Speechless in Trang An Grottoes:



Trang An at the end of the day when the boats (and owners) are at rest:


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From: PuddleGlum12/13/2018 6:56:39 PM
2 Recommendations   of 23934
 
A few SI quirks limit my choice of photos to those less than 2.0 or 2.1 MB in size (which includes some beautiful panoramas), and disallow all videos.

Posted Nov. 23:

Each place we visited yesterday in Ninh Binh merits a story. Wow, WoW, and WOW! My greatest regret about yesterday is that I couldn’t use all my cameras at once. We first went to Lying Dragon Mountain, followed by Bai Dinh Temple, and ended with Trang An (route #1).

Lying Dragon mountain is visible from Tam Coc. It consists of a few shrines and stone dragons, and a whole lot of steps to climb. The view from the top is... well, you decide from the photos here.

Lying Dragon Mountain as seen from Tam Coc:



Upper and lower peaks of Lying Dragon Mountain:



Another view from the top (I posted this one or one like it before, but I don't get tired of it):



More from Nov. 23:Bai Dinh is the most magnificent temple complex I’ve ever seen, home to a 32 foot tall bronze Buddha and the largest pagoda in Vietnam. After Lying Dragon Mountain I was tired of climbing steps, but there are many more steps here than at the mountain! This place is a must see! We didn’t have time (or energy) to visit the original 900 year old temple further back in the mountain, but what we saw was fabulous.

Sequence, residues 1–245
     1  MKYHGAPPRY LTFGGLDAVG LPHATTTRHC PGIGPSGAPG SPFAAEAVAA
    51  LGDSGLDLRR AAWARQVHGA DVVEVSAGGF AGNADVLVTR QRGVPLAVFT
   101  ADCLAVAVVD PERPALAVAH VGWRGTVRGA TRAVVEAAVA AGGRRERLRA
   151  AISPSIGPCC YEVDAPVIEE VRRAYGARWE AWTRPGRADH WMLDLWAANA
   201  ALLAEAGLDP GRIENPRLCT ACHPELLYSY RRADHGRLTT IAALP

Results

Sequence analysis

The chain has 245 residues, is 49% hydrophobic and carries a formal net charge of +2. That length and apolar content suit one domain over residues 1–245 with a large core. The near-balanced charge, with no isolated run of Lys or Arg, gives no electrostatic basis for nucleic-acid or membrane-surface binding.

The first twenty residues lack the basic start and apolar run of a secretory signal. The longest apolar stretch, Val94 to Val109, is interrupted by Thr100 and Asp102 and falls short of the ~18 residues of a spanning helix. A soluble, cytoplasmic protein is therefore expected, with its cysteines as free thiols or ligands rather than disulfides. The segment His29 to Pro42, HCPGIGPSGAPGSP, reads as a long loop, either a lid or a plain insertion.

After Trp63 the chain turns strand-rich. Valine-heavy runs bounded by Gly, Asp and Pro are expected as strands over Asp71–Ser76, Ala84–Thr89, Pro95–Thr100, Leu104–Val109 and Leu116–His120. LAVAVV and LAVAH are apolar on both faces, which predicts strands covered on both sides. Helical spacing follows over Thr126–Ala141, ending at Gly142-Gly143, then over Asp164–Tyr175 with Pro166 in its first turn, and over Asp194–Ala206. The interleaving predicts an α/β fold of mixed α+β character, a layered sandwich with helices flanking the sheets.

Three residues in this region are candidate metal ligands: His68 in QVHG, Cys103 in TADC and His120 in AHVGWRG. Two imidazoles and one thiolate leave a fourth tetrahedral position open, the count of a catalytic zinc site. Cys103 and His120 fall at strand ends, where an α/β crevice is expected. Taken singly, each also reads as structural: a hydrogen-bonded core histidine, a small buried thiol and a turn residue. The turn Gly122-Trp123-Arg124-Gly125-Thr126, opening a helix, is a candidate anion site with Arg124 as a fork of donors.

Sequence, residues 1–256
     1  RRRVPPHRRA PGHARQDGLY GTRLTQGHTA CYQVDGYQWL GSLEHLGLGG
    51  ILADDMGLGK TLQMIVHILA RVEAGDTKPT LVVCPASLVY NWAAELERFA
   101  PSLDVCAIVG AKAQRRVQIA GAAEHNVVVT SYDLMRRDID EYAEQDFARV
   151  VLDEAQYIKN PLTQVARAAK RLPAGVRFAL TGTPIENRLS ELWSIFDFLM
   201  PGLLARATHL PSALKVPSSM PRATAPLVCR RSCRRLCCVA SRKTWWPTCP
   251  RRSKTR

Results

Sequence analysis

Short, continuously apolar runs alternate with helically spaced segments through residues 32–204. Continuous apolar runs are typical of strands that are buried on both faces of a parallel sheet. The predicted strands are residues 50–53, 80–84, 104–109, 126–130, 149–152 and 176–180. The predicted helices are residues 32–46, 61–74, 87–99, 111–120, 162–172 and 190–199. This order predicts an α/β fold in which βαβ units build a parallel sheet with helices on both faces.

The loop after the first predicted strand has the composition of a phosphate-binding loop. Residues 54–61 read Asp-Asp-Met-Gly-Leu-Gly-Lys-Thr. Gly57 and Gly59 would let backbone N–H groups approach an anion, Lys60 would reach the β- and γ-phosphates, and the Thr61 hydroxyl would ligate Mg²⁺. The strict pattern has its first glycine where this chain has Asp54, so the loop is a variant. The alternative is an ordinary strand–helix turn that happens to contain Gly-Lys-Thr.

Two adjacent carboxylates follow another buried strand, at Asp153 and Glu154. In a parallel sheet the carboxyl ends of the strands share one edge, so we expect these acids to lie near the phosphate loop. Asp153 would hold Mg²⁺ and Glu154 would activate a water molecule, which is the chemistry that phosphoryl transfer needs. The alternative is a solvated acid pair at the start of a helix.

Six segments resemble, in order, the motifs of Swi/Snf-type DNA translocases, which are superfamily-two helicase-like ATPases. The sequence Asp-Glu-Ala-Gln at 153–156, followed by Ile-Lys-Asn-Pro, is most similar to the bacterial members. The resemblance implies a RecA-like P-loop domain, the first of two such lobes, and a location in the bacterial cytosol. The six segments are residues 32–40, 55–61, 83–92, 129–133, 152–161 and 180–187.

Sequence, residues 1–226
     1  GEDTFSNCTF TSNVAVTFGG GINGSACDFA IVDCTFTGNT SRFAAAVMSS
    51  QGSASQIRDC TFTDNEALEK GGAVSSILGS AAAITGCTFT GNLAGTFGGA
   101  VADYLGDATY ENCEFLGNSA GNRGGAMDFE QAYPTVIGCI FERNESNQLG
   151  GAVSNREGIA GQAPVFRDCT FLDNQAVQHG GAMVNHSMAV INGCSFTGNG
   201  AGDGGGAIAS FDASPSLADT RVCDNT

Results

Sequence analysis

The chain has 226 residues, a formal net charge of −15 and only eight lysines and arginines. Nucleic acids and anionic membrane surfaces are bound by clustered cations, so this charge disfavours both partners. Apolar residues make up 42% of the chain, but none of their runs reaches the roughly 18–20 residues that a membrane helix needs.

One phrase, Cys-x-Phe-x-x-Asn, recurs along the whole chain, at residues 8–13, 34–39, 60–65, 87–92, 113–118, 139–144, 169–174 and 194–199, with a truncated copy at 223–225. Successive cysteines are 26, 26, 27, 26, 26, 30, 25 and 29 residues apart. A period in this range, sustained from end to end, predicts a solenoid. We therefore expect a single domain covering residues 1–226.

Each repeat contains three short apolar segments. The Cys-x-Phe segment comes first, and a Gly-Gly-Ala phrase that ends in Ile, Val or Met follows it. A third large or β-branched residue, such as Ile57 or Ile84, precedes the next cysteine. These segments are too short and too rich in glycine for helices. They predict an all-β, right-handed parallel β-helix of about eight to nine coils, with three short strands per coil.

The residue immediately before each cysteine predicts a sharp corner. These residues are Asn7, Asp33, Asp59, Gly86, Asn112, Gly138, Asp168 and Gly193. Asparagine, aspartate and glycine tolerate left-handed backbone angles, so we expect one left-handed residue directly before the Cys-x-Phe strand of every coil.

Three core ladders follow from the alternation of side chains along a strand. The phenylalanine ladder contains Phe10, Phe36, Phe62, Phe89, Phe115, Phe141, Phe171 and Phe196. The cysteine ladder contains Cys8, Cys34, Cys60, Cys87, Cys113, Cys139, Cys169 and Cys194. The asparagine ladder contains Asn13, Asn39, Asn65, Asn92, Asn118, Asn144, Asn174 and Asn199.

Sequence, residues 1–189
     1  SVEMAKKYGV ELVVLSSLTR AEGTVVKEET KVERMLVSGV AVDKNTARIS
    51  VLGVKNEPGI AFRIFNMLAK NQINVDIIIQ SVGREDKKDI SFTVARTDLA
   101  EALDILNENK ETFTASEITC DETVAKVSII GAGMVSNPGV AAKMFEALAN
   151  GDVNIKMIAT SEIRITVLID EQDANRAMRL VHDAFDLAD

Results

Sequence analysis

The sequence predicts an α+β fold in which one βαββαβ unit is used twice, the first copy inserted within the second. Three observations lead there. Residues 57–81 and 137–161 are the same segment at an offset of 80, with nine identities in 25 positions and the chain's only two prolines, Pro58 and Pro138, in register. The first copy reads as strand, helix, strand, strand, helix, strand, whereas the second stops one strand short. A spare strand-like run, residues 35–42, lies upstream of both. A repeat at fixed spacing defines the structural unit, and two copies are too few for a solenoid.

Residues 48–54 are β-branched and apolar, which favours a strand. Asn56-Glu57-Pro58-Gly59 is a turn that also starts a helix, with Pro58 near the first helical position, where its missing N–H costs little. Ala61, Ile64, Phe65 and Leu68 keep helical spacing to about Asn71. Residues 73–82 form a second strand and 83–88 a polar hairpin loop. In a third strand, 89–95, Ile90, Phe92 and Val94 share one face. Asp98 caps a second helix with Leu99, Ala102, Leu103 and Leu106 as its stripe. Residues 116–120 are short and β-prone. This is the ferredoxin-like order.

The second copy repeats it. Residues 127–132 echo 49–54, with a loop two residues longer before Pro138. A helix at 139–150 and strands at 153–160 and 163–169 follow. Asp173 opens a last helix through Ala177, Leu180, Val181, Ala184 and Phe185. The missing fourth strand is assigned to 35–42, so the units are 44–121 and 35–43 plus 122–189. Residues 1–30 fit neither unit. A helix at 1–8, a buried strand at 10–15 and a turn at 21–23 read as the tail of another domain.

Ten thousand Buddhas at Bai Dinh:



Multi-armed Buddha at Bai Dinh:



One of many sets of steps at Bai Dinh:



Also from Nov. 23:
Trang An Grottoes is my favorite place in Ninh Binh. You’re given a choice of 3 tour routes, 2 of which take you by the movie set for King Kong: Skull Island, and one which bypasses the movie set in favor of passage through 9 caves. I’m not a big movie buff and I love caves, so the choice was easy. Trang An Grottoes is head and shoulders above Tam Coc! The water was still and clear, the mountains were higher, we saw flowers and wildlife everywhere. It was a photographer’s dream! And ever so relaxing! The only downside is that we spent 2 1/2 hours on a hard bench in a boat, and my tailbone still hurts a good 12 hours later.

(you've already seen a lot from Trang An, so only one more at this time):


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From: PuddleGlum12/13/2018 7:25:09 PM
1 Recommendation   of 23934
 
From Nov. 24: